At just 18 years of age, Adelaide's Isobel Marshall launched a social enterprise business to help women around the world fight the stigma around menstruation and provide greater access to hygiene products.
With business partner Eloise Hall, she founded TABOO after crowdfunding $56,000 to launch their range of products in August 2019. TABOO sells ethically sourced, organic cotton pads and tampons to an Australian market, with 100 per cent of net profits going to One Girls - a charity providing education programs for girls and women in Sierra Leone and Uganda.
In South Australia, Isobel and TABOO have partnered with Vinnies Women's Crisis centre, providing free access to pads and tampons for women who require emergency accommodation. Recognising that "period poverty" is not just a big city issue, they also support the Ngaanyatjarra Pitjantjatjara Yankunytjatjara Women's Council.
Isobel, now 22, is also a full-time student at the University of Adelaide, where she is studying a Bachelor of Medicine and a Bachelor of Surgery.
Brothers Daniel, 24, and William, 22, from Redland City in south-east Queensland, are passionate conservationists for the endangered orangutan populations in Borneo and Sumatra.
Since 2008, they have highlighted the species' plight and raised more than $900,000 to help protect the animals. The funds have supported orangutan care centres by building new holding enclosures and enabling investment in veterinary equipment. The brothers have also sponsored more than 50,000 hectares of orangutan habitat and adopted more than 100 animals.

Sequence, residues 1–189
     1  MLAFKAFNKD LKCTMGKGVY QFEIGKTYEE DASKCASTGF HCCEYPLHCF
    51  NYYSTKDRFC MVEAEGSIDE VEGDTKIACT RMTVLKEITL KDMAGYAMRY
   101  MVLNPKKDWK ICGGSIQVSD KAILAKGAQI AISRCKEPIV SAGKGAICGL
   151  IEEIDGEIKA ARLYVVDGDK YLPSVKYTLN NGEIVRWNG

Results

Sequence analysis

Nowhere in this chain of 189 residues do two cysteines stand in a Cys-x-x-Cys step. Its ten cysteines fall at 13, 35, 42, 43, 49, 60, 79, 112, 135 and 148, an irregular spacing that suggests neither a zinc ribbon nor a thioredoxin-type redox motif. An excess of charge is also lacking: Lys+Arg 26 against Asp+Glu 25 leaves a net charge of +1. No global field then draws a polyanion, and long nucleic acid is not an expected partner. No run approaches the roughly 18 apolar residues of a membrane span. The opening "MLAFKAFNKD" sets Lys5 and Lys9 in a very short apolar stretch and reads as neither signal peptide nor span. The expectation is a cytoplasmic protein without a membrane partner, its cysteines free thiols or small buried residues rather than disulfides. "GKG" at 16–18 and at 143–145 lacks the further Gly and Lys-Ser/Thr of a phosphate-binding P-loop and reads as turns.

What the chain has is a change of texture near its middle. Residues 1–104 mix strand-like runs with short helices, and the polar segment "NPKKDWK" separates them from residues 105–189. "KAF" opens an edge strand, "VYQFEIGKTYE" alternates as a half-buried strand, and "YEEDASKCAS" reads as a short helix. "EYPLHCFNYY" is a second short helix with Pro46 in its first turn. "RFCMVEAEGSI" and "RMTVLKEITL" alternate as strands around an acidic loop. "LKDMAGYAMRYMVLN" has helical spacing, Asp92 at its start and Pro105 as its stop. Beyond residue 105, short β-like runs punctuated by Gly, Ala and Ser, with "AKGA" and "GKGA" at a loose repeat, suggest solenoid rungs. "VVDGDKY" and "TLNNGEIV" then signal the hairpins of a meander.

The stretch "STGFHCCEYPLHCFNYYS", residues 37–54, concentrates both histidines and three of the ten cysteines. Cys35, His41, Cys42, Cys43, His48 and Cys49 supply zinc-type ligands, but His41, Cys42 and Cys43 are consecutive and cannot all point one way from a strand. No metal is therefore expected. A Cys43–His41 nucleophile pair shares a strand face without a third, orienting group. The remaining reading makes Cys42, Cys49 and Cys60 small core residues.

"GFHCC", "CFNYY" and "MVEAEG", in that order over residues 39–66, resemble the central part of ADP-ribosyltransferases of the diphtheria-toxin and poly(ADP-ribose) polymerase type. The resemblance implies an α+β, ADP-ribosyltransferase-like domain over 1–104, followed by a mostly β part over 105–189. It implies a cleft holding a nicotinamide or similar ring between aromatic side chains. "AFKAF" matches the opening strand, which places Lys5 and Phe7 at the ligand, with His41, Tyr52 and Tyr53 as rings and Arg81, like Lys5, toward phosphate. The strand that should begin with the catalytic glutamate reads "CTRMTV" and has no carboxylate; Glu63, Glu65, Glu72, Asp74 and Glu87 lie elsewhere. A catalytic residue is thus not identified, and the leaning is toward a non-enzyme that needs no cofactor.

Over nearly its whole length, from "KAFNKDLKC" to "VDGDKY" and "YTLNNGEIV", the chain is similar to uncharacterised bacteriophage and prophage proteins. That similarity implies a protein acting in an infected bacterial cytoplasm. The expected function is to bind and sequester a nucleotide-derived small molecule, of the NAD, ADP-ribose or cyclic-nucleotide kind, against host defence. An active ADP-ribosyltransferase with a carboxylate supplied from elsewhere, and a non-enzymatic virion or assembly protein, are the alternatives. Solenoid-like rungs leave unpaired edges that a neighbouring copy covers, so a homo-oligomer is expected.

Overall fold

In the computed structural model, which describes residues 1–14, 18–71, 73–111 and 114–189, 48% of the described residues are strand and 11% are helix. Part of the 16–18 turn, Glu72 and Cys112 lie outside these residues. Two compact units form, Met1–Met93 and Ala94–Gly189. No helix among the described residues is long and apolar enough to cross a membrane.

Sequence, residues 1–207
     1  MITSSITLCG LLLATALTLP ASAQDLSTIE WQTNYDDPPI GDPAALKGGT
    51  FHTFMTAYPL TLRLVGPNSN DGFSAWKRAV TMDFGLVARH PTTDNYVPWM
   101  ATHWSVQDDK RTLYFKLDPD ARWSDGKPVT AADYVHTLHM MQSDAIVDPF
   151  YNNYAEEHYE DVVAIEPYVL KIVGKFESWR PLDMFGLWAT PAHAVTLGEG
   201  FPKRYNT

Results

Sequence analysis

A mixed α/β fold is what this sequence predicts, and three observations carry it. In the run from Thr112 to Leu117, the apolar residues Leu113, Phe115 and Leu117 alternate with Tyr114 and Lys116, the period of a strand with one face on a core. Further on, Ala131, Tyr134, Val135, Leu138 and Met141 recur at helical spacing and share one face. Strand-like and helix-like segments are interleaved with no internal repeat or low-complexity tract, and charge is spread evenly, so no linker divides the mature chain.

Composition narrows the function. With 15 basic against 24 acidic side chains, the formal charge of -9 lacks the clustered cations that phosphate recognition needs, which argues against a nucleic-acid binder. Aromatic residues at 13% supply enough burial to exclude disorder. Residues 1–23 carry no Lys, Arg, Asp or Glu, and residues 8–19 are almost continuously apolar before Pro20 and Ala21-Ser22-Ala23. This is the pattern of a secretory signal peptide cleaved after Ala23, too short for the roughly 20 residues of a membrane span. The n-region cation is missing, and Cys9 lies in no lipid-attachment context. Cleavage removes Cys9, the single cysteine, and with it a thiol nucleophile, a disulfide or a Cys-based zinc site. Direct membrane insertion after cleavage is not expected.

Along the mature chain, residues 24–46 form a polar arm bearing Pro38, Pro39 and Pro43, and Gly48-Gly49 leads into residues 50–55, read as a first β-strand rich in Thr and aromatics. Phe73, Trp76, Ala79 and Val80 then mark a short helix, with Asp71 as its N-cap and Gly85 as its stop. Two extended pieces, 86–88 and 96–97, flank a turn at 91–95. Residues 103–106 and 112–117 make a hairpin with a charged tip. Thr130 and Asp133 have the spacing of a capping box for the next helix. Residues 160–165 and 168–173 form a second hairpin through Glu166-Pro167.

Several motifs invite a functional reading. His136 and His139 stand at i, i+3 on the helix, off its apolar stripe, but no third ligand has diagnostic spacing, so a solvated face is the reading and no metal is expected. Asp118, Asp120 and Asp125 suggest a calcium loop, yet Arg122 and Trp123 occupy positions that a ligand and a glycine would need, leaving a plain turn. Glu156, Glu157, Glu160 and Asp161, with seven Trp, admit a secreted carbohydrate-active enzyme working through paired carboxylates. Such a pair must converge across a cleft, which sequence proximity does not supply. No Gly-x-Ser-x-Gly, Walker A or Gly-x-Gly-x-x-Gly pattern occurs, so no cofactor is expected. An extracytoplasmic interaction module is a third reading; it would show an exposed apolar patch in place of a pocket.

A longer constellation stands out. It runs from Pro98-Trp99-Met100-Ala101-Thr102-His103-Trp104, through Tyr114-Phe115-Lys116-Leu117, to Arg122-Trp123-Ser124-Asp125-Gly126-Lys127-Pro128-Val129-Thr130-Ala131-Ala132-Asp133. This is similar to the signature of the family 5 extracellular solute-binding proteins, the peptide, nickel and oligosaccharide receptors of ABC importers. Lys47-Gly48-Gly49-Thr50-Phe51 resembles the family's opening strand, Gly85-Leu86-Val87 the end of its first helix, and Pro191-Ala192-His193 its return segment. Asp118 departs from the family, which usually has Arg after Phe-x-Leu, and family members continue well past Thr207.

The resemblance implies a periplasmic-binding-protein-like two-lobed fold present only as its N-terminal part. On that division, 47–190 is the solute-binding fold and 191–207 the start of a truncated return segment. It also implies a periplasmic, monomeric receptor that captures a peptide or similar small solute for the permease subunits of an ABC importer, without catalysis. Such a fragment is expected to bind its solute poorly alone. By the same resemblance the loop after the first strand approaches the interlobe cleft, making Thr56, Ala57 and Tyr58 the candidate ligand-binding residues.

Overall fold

Their literary work on orangutan conservation has been incorporated into the NSW Department of Education curriculum. To date, the brothers have spoken in at least 80 schools to more than 60,000 students Australia-wide, inspiring other young people to make a positive difference in the world. Daniel and William are regularly invited to speak at events to address industry leaders and politicians on sustainability and the environment. Their conservation efforts have been recognised by former US President Barack Obama and Dame Dr Jane Goodall.
Through the initiatives of Toby Thorpe, 19, Huonville High School became the second Australian winner of the international Zayed Sustainability Prize - launching Tasmania as a global leader in renewable energy innovation. Toby organised the first state-wide climate leaders' conference in three Tasmanian cities, attracting more than 350 student participants. Now in its third year, the Global Energy Award-winning program empowers young people to lead sustainability projects that will contribute positively to the environment and their communities.